Unsafe Email Attachments

email with attachment clip and colorful fairy lights bokeh in the background shot at shallow depth of field

In addition to using WashU email for work, most people use email in their personal lives, too. You can get an email from your aunt with her stew recipe or an email from your boss about an office party. But what if the email isn’t actually from your aunt or boss? Cybercriminals often pretend to be someone you know to get you to click unsafe attachments, such as fake DOC files or PDF files. Learning how to identify unsafe email attachments and protect yourself is essential. 

Fake DOC Attachments 

Older Microsoft Word DOC files are commonly used in cyberattacks because they can include macros. A macro, short for macroinstruction, is a set of commands that can control a DOC file and other programs. Cybercriminals may send you an email with a DOC file that contains a macro. The email usually looks legitimate and gives an urgent reason for you to open the file. If you open the file, a pop-up window will display, asking you to enable macros. If you accept, the macros will be able to install malware on your device. 

Fake PDF Attachments 

PDF files are sent over email every day, making them perfect tools for cyberattacks. One popular type of attack is when cybercriminals put an image in a PDF file to trick you into clicking it. For example, it could be an image resembling a video with a play button. The image will be something that catches your attention, like a cooking video from social media or a cute cat video. Unfortunately, clicking the image could send you to a website designed to steal your sensitive information.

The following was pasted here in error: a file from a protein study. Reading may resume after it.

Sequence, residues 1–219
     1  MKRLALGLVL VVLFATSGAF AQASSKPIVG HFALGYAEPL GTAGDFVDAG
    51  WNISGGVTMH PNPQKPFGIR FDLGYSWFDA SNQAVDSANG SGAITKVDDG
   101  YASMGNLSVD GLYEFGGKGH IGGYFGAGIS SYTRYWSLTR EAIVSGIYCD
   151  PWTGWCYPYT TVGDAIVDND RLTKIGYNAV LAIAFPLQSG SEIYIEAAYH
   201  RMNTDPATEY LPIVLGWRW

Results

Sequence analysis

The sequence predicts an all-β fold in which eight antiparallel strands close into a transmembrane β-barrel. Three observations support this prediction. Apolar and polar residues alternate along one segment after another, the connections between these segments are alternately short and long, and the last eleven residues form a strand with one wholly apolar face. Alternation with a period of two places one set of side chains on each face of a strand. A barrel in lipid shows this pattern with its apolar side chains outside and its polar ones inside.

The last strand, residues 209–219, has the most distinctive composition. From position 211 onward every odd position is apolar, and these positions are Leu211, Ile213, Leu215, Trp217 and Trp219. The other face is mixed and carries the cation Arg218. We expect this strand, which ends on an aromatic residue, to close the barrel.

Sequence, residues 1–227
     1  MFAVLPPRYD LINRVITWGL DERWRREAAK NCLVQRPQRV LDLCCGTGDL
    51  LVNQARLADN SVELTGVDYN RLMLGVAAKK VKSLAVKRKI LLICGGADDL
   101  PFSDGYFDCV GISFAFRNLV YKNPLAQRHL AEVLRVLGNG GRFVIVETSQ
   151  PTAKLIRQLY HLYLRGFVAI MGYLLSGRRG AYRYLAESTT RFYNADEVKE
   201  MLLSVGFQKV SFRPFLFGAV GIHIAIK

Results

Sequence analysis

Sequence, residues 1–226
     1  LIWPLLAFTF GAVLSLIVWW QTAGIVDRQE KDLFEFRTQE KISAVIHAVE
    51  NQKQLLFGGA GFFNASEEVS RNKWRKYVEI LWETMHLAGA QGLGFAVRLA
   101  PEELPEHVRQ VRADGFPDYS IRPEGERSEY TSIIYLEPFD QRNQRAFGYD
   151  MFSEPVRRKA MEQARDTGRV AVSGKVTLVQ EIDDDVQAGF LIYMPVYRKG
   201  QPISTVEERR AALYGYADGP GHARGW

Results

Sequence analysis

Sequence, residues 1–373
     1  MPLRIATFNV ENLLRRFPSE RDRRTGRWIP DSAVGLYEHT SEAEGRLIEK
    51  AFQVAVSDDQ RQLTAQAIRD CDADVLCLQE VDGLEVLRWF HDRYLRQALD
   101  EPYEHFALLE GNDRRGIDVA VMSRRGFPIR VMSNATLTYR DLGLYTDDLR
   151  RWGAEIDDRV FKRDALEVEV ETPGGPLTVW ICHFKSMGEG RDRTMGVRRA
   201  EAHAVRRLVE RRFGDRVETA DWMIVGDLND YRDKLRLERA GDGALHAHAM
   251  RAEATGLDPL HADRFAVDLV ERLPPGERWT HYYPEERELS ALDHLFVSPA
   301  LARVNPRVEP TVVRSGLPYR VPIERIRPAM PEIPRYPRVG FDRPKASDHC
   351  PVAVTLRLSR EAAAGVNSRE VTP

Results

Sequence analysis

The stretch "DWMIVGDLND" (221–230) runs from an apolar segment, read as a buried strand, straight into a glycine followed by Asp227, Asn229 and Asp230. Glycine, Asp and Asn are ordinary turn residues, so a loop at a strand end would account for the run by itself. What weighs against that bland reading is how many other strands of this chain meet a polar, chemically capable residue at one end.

What Can I Do to Stay Safe? 

Follow the steps below to stay safe from dangerous email attachments: 

  • If a suspicious email appears to be from someone you know, reach out to the sender using known contact info or in person. Check to see if the email is legitimate before putting yourself at risk.  
  • Avoid DOC files in general. They use an outdated format and contain too many security risks. The newer DOCX format is the current standard and is much safer.  
  • Always think before you click. Cyberattacks are designed to catch you off guard and trick you into clicking impulsively.